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In this blog, we’ll define platform engineering, outline its benefits for software development, explain how it intersects with DevOps, and identify the key components platform engineering needs to be successful.
Table of Contents
Platform engineering is the discipline of designing and building self-service capabilities as a product. Platform engineering can reduce cognitive load for developers and enable fast-flow software delivery with a product mindset.
The definition of platform engineering is the continuous development, building, and maintenance of infrastructure (like toolchains and workflows) in order to build self-service solutions. That enables value stream development teams to deliver quickly and provide consistency to the rest of the organization.
Platform engineering has distinguished itself among DevOps trends by focusing on the set of tools developers use as a product in itself. In a platform engineering initiative, platform teams deliver shared infrastructure platforms to internal users responsible for delivering a value stream – typically software developers and engineers.
That’s why successful platform teams treat their platform as an internal product. They build and maintain their platform using product management principles: user research, product roadmaps, soliciting feedback, iterating, launching, maintaining, and marketing. Members of an effective platform team are defined by their product management mindset, rather than just broad IT experience.
2023 Platform Engineering ReportSurvey Results + More📚 GET THE REPORT
2023 Platform Engineering ReportSurvey Results + More
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At a basic level, that means they build systems that solve the problems users face (like any good product). It also means they create feedback loops with developers who use the platform to identify new challenges the platform can be updated to address.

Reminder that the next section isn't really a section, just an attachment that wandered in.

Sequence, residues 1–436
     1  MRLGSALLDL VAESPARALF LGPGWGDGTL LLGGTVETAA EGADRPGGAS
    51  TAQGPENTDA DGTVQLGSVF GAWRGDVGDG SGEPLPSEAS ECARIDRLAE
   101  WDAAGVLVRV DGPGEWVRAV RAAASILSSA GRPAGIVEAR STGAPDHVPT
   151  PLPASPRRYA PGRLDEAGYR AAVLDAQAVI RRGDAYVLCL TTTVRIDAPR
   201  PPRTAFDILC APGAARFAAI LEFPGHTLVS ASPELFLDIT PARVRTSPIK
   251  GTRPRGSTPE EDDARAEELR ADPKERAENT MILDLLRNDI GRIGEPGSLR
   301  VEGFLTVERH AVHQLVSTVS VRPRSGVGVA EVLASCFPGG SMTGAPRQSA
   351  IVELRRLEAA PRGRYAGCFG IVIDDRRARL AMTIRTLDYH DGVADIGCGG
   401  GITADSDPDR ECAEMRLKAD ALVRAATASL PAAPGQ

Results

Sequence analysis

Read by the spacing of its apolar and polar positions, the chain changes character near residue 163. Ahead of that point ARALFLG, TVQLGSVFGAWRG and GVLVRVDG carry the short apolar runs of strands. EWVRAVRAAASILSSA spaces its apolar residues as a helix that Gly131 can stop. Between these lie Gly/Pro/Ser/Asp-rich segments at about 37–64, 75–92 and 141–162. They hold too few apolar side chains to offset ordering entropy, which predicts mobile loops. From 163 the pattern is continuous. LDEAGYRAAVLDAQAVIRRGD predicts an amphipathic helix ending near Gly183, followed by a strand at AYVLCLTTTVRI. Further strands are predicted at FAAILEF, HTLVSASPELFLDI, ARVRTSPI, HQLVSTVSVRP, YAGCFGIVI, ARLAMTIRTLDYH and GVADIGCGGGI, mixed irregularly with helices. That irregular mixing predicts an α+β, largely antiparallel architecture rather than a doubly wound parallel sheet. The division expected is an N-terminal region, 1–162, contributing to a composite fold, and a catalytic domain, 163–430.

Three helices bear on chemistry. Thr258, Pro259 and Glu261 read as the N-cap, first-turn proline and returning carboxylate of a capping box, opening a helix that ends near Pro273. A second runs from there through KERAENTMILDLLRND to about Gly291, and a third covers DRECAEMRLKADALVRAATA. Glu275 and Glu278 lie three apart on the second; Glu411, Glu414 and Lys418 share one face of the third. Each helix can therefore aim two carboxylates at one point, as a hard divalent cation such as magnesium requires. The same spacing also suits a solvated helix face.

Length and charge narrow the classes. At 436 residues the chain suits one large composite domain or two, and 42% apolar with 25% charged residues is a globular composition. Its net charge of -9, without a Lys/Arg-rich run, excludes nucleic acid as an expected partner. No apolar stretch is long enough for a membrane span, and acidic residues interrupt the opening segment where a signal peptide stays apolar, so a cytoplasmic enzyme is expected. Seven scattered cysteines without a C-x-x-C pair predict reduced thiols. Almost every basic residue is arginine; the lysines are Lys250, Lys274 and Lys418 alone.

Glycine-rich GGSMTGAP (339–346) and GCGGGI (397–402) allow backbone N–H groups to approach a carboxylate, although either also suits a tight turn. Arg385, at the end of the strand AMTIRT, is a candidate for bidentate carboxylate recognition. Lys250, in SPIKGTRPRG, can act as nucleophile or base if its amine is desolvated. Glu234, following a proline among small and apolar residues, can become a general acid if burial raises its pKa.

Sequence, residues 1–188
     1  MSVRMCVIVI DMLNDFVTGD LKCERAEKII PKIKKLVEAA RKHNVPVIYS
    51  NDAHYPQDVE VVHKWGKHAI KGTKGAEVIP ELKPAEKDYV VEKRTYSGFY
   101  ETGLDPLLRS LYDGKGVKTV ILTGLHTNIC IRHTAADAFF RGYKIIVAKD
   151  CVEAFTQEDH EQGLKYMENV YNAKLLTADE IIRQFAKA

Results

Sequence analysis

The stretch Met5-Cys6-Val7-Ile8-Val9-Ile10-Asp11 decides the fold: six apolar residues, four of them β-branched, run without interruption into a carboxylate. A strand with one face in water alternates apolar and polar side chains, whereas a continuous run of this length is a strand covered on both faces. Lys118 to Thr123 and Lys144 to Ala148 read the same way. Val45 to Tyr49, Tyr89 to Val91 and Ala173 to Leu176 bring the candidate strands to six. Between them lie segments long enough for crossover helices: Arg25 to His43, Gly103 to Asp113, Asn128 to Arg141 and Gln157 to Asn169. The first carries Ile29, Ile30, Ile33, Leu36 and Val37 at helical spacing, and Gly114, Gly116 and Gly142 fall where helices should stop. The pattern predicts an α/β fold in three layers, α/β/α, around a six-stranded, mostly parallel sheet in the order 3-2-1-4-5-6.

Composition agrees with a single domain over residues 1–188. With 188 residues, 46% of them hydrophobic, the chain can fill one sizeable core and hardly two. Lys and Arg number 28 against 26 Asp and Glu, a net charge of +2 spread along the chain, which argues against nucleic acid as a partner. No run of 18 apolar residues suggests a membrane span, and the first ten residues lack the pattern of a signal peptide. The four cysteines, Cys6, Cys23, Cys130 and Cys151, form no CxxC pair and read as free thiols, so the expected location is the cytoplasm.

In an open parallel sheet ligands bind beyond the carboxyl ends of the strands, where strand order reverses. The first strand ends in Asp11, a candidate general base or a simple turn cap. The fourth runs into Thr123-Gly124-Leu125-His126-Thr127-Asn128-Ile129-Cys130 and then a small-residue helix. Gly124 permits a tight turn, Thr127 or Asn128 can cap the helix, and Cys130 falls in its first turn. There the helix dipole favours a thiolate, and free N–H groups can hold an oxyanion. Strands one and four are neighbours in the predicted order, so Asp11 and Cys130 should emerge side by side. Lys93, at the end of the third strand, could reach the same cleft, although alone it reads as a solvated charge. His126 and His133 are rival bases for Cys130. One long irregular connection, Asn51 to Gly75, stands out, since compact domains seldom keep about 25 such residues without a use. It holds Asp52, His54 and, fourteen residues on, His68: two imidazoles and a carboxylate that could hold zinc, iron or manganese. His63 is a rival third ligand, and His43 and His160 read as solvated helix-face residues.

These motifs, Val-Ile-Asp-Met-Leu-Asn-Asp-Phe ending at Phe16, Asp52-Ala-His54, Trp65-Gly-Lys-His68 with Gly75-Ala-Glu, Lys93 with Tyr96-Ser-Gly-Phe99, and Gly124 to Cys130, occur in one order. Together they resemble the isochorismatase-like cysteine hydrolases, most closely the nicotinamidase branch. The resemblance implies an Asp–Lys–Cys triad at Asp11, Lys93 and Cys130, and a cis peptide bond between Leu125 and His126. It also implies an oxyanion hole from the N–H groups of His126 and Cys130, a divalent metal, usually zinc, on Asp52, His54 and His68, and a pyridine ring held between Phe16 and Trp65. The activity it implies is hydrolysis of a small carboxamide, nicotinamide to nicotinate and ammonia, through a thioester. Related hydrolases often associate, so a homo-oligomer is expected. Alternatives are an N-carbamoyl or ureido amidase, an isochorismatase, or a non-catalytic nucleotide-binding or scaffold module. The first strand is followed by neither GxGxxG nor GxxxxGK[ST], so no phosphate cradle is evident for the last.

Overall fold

A platform engineering team is also called a platform team, DevOps platform team, or internal platform team. This team is in charge of collecting feedback as well as creating and maintaining tools and workflows for developers.
Platform engineering teams do the following for an organization's infrastructure:
Additionally, a product manager role on the platform team is crucial to cultivating the product mindset platform engineering needs. The person in this role is responsible for evangelizing the platform and sharing information with the rest of the organization.
Our research found that one third of organizations doing platform engineering have a product owner who can explain and evangelize the services and capabilities of the platform. That can limit the potential of the platform, and a larger DevOps initiative, across the organization.
An Internal Developer Platform (IDP) is the collective term used to describe the tools and technologies a platform engineering team puts together to enable developer self-service. An IDP can specify resources in an environment, set configuration baselines, and govern permissions to automate those recurring tasks.
Platform teams create the IDP from discussions and feedback with users. Then they maintain the IDP as a product to be iterated upon with continuous feedback from its users.
Platform engineering benefits development teams by providing them with the autonomy to independently ship value to their end users. It benefits the overall organization by standardizing components and workflows, increasing the efficiency of audit, compliance, and security.
The DevOps movement empowered developers with more efficient tools and greater collaboration with operations. The whole concept of DevOps was to bring development and operations teams closer together to reduce friction and increase efficiency so they could create and deliver software faster.
But as more and more organizations started to adopt DevOps, that ideal revealed a new challenge: DevOps is great for breaking down silos, but it also leads to an overwhelming amount of choice for developers. All of a sudden, developers had new kinds of tools and methodologies for shifting left and working with operations teams.